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regexec.c: Clean up initialized vars in switch
[perl5.git] / ext / re / re.pm
CommitLineData
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1package re;
2
99cc5cc6 3# pragma for controlling the regexp engine
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4use strict;
5use warnings;
6
94a75ecf 7our $VERSION = "0.15";
de8c5301 8our @ISA = qw(Exporter);
ec781434 9our @EXPORT_OK = ('regmust',
192c1e27
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10 qw(is_regexp regexp_pattern
11 regname regnames regnames_count));
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12our %EXPORT_OK = map { $_ => 1 } @EXPORT_OK;
13
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14my %bitmask = (
15 taint => 0x00100000, # HINT_RE_TAINT
16 eval => 0x00200000, # HINT_RE_EVAL
17);
18
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19my $flags_hint = 0x02000000; # HINT_RE_FLAGS
20my $PMMOD_SHIFT = 0;
21my %reflags = (
22 m => 1 << ($PMMOD_SHIFT + 0),
23 s => 1 << ($PMMOD_SHIFT + 1),
24 i => 1 << ($PMMOD_SHIFT + 2),
25 x => 1 << ($PMMOD_SHIFT + 3),
26 p => 1 << ($PMMOD_SHIFT + 4),
27# special cases:
28 l => 1 << ($PMMOD_SHIFT + 5),
29 u => 1 << ($PMMOD_SHIFT + 6),
30 d => 0,
31);
32
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33sub setcolor {
34 eval { # Ignore errors
35 require Term::Cap;
36
37 my $terminal = Tgetent Term::Cap ({OSPEED => 9600}); # Avoid warning.
38 my $props = $ENV{PERL_RE_TC} || 'md,me,so,se,us,ue';
39 my @props = split /,/, $props;
40 my $colors = join "\t", map {$terminal->Tputs($_,1)} @props;
41
42 $colors =~ s/\0//g;
43 $ENV{PERL_RE_COLORS} = $colors;
44 };
45 if ($@) {
46 $ENV{PERL_RE_COLORS} ||= qq'\t\t> <\t> <\t\t';
47 }
48
49}
50
51my %flags = (
52 COMPILE => 0x0000FF,
53 PARSE => 0x000001,
54 OPTIMISE => 0x000002,
55 TRIEC => 0x000004,
56 DUMP => 0x000008,
f7819f85 57 FLAGS => 0x000010,
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58
59 EXECUTE => 0x00FF00,
60 INTUIT => 0x000100,
61 MATCH => 0x000200,
62 TRIEE => 0x000400,
63
64 EXTRA => 0xFF0000,
65 TRIEM => 0x010000,
66 OFFSETS => 0x020000,
67 OFFSETSDBG => 0x040000,
68 STATE => 0x080000,
69 OPTIMISEM => 0x100000,
70 STACK => 0x280000,
e7707071 71 BUFFERS => 0x400000,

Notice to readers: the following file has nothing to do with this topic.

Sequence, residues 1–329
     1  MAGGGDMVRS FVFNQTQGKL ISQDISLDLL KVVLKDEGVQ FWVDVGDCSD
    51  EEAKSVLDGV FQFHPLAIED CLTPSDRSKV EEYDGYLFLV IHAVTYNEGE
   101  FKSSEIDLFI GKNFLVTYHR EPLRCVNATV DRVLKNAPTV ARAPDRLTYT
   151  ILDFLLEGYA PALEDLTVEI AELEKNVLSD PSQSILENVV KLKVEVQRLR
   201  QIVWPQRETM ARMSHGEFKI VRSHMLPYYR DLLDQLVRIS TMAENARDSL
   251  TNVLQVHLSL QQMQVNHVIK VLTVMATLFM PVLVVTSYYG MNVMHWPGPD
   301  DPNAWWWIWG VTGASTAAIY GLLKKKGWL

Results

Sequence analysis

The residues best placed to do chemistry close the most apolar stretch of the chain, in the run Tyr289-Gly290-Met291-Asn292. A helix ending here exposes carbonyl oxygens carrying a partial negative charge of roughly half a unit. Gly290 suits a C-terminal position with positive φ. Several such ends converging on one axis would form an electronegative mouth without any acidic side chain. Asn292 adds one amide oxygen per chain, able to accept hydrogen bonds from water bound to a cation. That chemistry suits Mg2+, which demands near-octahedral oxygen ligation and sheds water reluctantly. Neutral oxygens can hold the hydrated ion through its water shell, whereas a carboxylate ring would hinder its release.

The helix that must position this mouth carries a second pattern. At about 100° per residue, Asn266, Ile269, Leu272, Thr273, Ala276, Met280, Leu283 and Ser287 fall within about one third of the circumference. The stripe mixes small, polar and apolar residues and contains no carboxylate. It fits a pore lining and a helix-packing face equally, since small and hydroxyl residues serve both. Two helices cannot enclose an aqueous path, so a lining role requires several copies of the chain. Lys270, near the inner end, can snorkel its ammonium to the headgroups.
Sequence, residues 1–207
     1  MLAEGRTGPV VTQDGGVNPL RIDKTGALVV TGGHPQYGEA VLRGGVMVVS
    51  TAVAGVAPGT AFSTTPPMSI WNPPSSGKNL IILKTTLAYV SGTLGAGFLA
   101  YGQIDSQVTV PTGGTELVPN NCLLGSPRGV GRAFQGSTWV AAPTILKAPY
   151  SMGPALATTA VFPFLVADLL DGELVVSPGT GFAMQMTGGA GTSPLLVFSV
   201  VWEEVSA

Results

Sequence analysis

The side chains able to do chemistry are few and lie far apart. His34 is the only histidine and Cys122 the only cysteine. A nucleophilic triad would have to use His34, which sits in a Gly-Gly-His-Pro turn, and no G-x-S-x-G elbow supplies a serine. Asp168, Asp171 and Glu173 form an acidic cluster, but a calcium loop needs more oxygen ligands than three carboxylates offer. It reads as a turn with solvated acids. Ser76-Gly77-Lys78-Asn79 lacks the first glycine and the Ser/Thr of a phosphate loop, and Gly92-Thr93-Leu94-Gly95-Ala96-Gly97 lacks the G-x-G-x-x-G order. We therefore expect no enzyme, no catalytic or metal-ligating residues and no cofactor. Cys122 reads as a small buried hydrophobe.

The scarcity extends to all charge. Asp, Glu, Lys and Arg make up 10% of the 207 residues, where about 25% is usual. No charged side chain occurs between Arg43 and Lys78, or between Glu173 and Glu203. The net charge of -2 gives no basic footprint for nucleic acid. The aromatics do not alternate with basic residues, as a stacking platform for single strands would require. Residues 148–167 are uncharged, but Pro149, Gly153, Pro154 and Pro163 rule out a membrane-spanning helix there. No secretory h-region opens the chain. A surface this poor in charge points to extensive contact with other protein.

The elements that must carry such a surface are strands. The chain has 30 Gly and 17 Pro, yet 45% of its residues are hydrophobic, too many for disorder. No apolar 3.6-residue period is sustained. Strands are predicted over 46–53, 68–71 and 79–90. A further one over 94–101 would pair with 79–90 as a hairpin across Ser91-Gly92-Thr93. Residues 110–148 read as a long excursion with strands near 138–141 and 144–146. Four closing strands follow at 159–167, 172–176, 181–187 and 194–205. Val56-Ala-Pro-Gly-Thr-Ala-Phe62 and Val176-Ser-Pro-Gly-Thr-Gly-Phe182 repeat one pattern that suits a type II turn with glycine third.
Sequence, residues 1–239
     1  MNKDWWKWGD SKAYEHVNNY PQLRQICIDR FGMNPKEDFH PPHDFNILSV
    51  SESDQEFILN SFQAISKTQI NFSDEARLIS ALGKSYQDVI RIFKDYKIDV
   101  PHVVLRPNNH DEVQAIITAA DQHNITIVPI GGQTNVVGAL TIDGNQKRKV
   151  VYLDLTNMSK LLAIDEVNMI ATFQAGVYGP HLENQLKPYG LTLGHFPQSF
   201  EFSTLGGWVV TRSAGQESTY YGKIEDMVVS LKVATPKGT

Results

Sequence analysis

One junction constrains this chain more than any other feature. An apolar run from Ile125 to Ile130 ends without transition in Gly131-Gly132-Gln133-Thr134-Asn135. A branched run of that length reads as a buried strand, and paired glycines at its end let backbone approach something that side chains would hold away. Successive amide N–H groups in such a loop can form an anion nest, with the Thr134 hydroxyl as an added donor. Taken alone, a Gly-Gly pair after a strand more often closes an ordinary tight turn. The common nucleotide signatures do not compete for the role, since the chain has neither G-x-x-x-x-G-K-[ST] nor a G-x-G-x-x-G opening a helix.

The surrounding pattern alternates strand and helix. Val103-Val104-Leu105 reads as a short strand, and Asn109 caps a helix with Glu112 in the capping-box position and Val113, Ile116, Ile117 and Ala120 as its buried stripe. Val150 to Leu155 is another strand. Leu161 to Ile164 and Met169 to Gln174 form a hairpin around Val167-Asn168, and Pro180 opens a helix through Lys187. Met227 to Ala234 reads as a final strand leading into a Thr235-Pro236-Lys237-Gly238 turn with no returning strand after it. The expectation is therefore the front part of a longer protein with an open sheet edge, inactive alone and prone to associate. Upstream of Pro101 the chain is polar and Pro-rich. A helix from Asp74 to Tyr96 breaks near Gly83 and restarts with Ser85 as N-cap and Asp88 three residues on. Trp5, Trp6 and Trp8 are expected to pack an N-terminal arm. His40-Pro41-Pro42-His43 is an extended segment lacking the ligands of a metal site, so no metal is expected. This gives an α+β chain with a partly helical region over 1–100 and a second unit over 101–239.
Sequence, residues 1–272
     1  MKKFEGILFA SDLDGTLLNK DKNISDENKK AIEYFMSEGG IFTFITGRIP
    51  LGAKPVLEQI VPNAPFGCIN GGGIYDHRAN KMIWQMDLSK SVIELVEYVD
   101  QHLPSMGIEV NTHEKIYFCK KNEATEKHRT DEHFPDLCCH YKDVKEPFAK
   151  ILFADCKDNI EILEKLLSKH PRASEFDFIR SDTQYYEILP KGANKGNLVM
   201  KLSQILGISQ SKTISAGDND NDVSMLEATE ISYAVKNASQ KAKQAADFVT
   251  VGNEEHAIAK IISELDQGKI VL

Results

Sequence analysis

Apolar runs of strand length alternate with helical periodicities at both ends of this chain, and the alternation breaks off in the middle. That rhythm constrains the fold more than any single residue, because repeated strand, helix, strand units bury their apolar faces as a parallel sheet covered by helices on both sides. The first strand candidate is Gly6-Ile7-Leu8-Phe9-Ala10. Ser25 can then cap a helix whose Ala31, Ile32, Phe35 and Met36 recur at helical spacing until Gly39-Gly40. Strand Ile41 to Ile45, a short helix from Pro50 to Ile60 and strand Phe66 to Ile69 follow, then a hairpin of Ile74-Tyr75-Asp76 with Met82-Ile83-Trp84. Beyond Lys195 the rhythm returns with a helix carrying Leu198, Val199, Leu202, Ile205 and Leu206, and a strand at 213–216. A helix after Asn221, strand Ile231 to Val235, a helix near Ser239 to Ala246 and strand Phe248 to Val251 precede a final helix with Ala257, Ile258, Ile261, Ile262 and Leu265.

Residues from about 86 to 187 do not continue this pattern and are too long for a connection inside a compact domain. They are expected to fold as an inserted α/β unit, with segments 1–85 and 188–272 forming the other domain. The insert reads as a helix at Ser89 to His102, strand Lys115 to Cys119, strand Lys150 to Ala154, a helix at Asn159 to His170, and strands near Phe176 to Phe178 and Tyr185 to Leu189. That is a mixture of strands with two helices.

2c296965 72 GPOS => 0x800000,
de8c5301 73);
e7707071 74$flags{ALL} = -1 & ~($flags{OFFSETS}|$flags{OFFSETSDBG}|$flags{BUFFERS});
de8c5301 75$flags{All} = $flags{all} = $flags{DUMP} | $flags{EXECUTE};
2c296965 76$flags{Extra} = $flags{EXECUTE} | $flags{COMPILE} | $flags{GPOS};
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77$flags{More} = $flags{MORE} = $flags{All} | $flags{TRIEC} | $flags{TRIEM} | $flags{STATE};
78$flags{State} = $flags{DUMP} | $flags{EXECUTE} | $flags{STATE};
79$flags{TRIE} = $flags{DUMP} | $flags{EXECUTE} | $flags{TRIEC};
80
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81if (defined &DynaLoader::boot_DynaLoader) {
82 require XSLoader;
da4061d3 83 XSLoader::load();
de8c5301 84}
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85# else we're miniperl
86# We need to work for miniperl, because the XS toolchain uses Text::Wrap, which
87# uses re 'taint'.
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88
89sub _load_unload {
90 my ($on)= @_;
91 if ($on) {
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92 # We call install() every time, as if we didn't, we wouldn't
93 # "see" any changes to the color environment var since
94 # the last time it was called.
95
96 # install() returns an integer, which if casted properly
99cc5cc6 97 # in C resolves to a structure containing the regexp
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98 # hooks. Setting it to a random integer will guarantee
99 # segfaults.
100 $^H{regcomp} = install();
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101 } else {
102 delete $^H{regcomp};
103 }
104}
105
106sub bits {
107 my $on = shift;
108 my $bits = 0;
109 unless (@_) {
110 require Carp;
111 Carp::carp("Useless use of \"re\" pragma");
112 }
1e215989 113 ARG:
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114 foreach my $idx (0..$#_){
115 my $s=$_[$idx];
116 if ($s eq 'Debug' or $s eq 'Debugcolor') {
117 setcolor() if $s =~/color/i;
118 ${^RE_DEBUG_FLAGS} = 0 unless defined ${^RE_DEBUG_FLAGS};
119 for my $idx ($idx+1..$#_) {
120 if ($flags{$_[$idx]}) {
121 if ($on) {
122 ${^RE_DEBUG_FLAGS} |= $flags{$_[$idx]};
123 } else {
124 ${^RE_DEBUG_FLAGS} &= ~ $flags{$_[$idx]};
125 }
126 } else {
127 require Carp;
128 Carp::carp("Unknown \"re\" Debug flag '$_[$idx]', possible flags: ",
129 join(", ",sort keys %flags ) );
130 }
131 }
132 _load_unload($on ? 1 : ${^RE_DEBUG_FLAGS});
133 last;
134 } elsif ($s eq 'debug' or $s eq 'debugcolor') {
135 setcolor() if $s =~/color/i;
136 _load_unload($on);
66e6b4c5 137 last;
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138 } elsif (exists $bitmask{$s}) {
139 $bits |= $bitmask{$s};
140 } elsif ($EXPORT_OK{$s}) {
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141 require Exporter;
142 re->export_to_level(2, 're', $s);
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143 } elsif ($s =~ s/^\///) {
144 my $reflags = $^H{reflags} || 0;
145 for(split//, $s) {
146 if (/[dul]/) {
147 if ($on) {
148 $^H{reflags_dul} = $reflags{$_};
149 }
150 else {
151 delete $^H{reflags_dul}
152 if defined $^H{reflags_dul}
153 && $^H{reflags_dul} == $reflags{$_};
154 }